Posted inAT Finance, Beijing, China, Middle East, North Korea, Northeast Asia, Philippines, Thailand

The Daily Brief for Thursday, 22 June 2017

Thailand’s failing democracy: Prime Minister Prayuth Chan-ocha insists his road map for Thai democracy is still on track but the prospects for promised polls in 2018 are fast fading away, writes Shawn W. Crispin. While Prayuth’s absolute grip on power has started to slip, with new challenges from within the military and a more assertive monarchy, this former solider does not seem ready to yield anything to opposing politicians or anti-junta activists.

Trump no pushover: Many in the Washington’s foreign policy establishment think that Trump has been played by Xi Jinping and his team of seasoned diplomats. Yet, writes Christopher Scott, while US-China relations, at a high-point not seen for some time, have given the Chinese good reasons to celebrate, Beijing needs to understand: Trump really can’t abide losing.

Philippines, terror grows: As President Rodrigo Duterte weighs the costs of Islamic State’s devastation of Marawi City, another of its affiliated groups has launched an assault in nearby North Cotabato. Jason Castaneda reports that, as fighting in Marawi continues, it is unclear how many Islamic State-linked fighters have escaped to other parts of the Philippines and the North Cotabato assault has so far seen attacks on homes and a school and hostages have been taken.

Holiday in Pyongyang? After University of Virginia student Otto Wambier’s returned to the US in a coma and subsequently died, thrill-seeking tourists should chose another isolated country to visit. North Korea-watcher, Bradley K. Martin writes that since Kim Jong-un, the young and exceedingly thin-skinned third-generation ruler, came into power, everything has changed in North Korea.

Saudi’s big gamble: The aging king of Saudi Arabia issued a stunning royal decree on Wednesday when he removed his nephew, the Crown Prince Mohammad Bin Nayef, from office and appointed his own son, Mohammad Bin Salman, as heir to the Saudi throne. Sami Moubayed writes that Bin Salman is popular with younger Saudis – he looks set to be the youngest king in Saudi Arabia’s history – but is also viewed by many as erratic and impervious to advice.

Posted inBeijing, China, Hong Kong, Shanghai, Tianjin

China Digest for Thursday, 22 June 2017

Overseas capital floods into mainland a day after MSCI news

Around 1.37 billion yuan (US$200 million) in overseas capital flooded northbound via the Hong Kong Stock Connect schemes with the Shenzhen and Shanghai bourses the day after US index provider MSCI said it would include mainland A shares this year, Caixin reported. Hikvision, Kweichow Moutai and Jiangsu Hengrui Medicine were the top three in transactions.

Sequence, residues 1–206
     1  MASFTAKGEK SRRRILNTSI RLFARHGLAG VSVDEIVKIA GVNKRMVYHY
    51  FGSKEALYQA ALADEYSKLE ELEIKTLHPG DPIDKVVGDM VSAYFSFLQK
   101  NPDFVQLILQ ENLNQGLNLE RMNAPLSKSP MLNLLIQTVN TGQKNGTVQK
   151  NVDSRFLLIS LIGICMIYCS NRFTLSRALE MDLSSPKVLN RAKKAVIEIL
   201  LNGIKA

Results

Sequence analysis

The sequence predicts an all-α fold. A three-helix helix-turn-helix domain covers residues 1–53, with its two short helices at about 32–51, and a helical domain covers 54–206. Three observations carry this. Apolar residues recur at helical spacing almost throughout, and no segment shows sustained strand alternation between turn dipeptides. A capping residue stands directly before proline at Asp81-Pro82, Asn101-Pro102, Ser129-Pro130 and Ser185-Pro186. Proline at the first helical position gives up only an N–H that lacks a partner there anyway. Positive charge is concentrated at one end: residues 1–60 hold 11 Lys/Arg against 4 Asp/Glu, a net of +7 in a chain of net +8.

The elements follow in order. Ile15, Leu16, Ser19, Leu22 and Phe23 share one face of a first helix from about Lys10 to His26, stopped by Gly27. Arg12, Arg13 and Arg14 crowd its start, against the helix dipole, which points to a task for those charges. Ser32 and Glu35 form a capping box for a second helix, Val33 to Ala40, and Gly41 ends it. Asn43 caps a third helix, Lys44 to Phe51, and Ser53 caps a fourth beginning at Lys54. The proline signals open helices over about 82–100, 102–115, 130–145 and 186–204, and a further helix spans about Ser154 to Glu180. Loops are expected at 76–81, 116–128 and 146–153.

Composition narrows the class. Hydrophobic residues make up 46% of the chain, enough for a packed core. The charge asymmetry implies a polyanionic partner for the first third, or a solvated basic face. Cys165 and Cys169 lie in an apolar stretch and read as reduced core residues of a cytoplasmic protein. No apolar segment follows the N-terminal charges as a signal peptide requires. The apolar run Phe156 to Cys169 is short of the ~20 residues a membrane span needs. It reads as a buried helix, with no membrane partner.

Buying cap on foreign investors in proposed Bond Connect scheme

The People’s Bank of China has revised its draft on regulating qualified foreign investors’ purchases in the proposed Hong Kong-China Bond Connect on Wednesday, Shanghai Securities Journal reported. It deleted a rule allowing qualified foreign investors to make unlimited purchases.

Changes to Unfair Competition Law will cover the internet

An amendment to the Unfair Competition Law will include rules on the internet, which is the first revision after it took effect 24 years ago, the Economic Information Daily reported. Internet operations that interfere with users’ choices or normal market behaviors will be covered.

US$87 billion to build Hebei transport hub

The Hebei provincial government will invest 600 billion yuan (US$87 billion) to reduce travel time between Beijing and Tianjin to one hour and to nearby cities to 1.5 hours by 2020, the Economic Information Daily reported. The 13th Five-year Plan will see a 2,000km high-speed railway and a 9,000km expressway built to connect each county in the province.

Deferred taxes will encourage private pension industry: State Council

The State Council said it would provide pilot schemes and offer to defer tax payments to encourage people to fund their own pensions by buying investment products, the Shanghai Securities Daily reported. The council hoped this would speed up development in commercially funded private pensions.

Shanghai drivers can pay parking fees without having to brake

Two Hongqiao International Airport parking lots in Shanghai will allow drivers who register their car plate number with an Alipay account to pay fees by driving through special exits, International Financial News said on Wednesday. The system will send arrival and departure times to drivers’ Alipay accounts and fees will be automatically deducted.

Tencent completes Big Three’s AI research push

Tencent, one of the Big Three internet giants in the country, launched its Artificial Intelligence platform on Wednesday, following Baidu and Alibaba, the Paper said on Wednesday night. The company will make its core technologies in its “Intelligence Cloud” such as speech recognition and natural language processing available to scientists.

Alibaba logistics affiliate in US$1.24 billion joint venture

Cainiao Network, an Alibaba affiliate, will set up an 8.5 billion yuan (US$1.24 billion) logistics and warehousing joint venture fund with China Life Insurance Company, Caixin reported. Cainiao said the fund would cover the cost of infrastructure construction, technology upgrade and recruiting talent.

Registration plan for traditional Chinese medicine clinics

A draft paper for registration of traditional Chinese medicine clinics has been posted by National Health and Family Planning Commission for public review, Yicai reported. After registering, doctors with suitable qualifications can operate traditional Chinese medicine physician clinics.